Dollars and sense: Achieving better financial literacy in 2024

With the holidays now behind us, it’s time to focus on what’s ahead: a fresh year full of possibilities.

Many individuals have popular New Year’s resolutions involving better nutrition, weight loss and work-life balance. Yet others decide that now is the time to focus on enhancing their skills in money-related matters. And with rising inflation rates and essential expenses like food and housing rising, that’s a resolution that we all can benefit from.

No matter where you are on your financial journey, there are always ways to improve your financial literacy. Below, we outline five simple steps to develop better financial literacy skills in the new year.

1. Develop or revisit your budget

Before improving our financial literacy, we need to understand where our money goes each month. To find out, we’ll need to create (or review) a budget to get an up-to-date overview.

Throughout a minimum of one month, track your income and spending using a money management app, spreadsheet or notebook. Be sure to include fixed-price items, including housing, insurance, utilities, and include annual expenses divided by 12 to account for monthly spending. The greater the detail you include in your budget, the better!

2. Save more money

There are two ways to save money: increase our incomes or reduce expenses. But working more isn’t feasible for one in three Canadians since we’re already managing a second job to make ends meet. That leaves many of us figuring out where to cut our spending habits.

Categorize your spending as essential or desirable – or needs and wants. What do you require to survive daily, and which expenses are simply nice to have?

Once your expenses are categorized, you can identify obvious areas for reducing your spending. These spending habits might include using money to buy regular take-out for lunch, streaming services, or new trendy clothing on sale.

In addition, evaluate your less obvious savings areas. These are hidden opportunities for savings in areas where adjusting your habits can trim essential expenses. For example, is there a more affordable grocery store you can shop at weekly? What about your utility payments – do you get a discount if you switch to paperless billing?

3. Understand your credit score

Your credit score affects your overall finances – everything from loans to credit cards. Learning your current credit score can help you track your spending, identify errors or fraudulent entries, and improve your score over time.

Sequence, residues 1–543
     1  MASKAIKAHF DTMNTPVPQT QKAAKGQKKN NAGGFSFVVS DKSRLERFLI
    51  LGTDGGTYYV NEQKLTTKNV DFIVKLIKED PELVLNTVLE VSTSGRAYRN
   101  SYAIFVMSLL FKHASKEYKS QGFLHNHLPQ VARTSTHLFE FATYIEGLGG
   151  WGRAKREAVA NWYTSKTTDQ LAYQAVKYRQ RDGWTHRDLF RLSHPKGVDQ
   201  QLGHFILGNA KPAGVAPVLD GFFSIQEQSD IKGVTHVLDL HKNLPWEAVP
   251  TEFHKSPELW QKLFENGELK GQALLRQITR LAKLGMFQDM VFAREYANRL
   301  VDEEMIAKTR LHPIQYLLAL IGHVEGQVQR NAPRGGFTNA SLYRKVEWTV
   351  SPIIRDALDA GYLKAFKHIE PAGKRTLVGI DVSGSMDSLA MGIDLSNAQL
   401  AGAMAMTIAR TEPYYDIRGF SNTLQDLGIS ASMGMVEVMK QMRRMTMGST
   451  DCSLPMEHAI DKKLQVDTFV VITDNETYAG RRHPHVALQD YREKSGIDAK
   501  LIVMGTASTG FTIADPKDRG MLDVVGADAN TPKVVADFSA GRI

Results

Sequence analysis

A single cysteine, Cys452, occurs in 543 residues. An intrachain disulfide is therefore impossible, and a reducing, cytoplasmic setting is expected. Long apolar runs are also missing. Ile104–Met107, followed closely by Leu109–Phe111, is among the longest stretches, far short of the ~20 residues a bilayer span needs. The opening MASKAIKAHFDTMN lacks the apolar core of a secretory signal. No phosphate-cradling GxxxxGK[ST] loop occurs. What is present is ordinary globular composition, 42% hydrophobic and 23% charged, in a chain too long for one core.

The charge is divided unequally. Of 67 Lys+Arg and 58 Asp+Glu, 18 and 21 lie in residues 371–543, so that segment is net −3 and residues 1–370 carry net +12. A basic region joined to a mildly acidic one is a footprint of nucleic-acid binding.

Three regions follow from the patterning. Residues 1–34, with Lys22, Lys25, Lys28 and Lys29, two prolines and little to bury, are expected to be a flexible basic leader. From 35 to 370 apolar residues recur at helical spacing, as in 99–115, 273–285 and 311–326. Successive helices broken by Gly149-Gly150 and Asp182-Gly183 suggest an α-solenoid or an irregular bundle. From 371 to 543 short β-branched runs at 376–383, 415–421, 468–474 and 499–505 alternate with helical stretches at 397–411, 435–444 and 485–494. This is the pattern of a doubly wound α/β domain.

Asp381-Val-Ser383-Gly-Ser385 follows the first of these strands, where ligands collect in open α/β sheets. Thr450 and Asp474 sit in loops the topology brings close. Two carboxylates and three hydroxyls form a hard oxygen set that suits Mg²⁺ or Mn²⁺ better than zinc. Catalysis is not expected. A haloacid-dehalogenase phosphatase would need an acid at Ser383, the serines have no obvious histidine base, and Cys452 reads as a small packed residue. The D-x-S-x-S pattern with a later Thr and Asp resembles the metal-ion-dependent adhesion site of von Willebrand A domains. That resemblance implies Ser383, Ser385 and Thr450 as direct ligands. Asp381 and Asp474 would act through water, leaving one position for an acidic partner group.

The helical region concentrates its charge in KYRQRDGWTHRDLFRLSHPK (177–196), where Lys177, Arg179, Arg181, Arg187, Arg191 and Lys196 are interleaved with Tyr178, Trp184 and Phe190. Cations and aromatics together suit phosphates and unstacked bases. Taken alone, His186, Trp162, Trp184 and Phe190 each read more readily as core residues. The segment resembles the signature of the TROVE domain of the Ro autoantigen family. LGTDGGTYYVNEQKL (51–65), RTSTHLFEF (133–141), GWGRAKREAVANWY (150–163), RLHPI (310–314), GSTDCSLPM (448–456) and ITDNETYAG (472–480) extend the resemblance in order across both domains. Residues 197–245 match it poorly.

You can easily obtain your credit score in Canada for free through Equifax and TransUnion. Completing a soft inquiry by personally reviewing your credit score will not hurt your overall rating.

4. Get ready for retirement

One of the biggest reasons we improve our financial literacy today is to prepare us for a better future.

Even if you haven’t yet had a chance to start saving for retirement, it’s never too late. Look into whether your employer already offers a retirement savings account, and contribute the maximum (if you can) to receive the employer match.

Meet with a financial advisor to consider opening an Registered Retirement Savings Plan (RRSP) and creating a diversified investment portfolio to reach your retirement goal.

And if you need help reducing debt, consult an unbiased debt counsellor. A debt professional can advise you on paying off your debts and reaching financial freedom by working closely with you.

5. Commit to lifelong learning

Becoming more financially literate is a long-term commitment that involves learning and practising various money-related skills. Here are some ways to stay up-to-date on the latest financial news:

  • Subscribe to financial newsletters
  • Listen to financial podcasts
  • Read personal finance books
  • Use social media to follow latest financial news

There are countless resources available to help you improve your financial literacy. Do your research and ensure they’re trusted sources before incorporating some of their suggested best practices.

ABC Money Matters: A free financial literacy program

Becoming more financially literate this year doesn’t have to cost you anything. With our free ABC Money Matters program, you can download financial literacy resources on topics such as:

  • Spending plans
  • Banking basics
  • Borrowing money
  • Way to save
  • Smart shopping

To help you get started, download free copies of our workbooks today.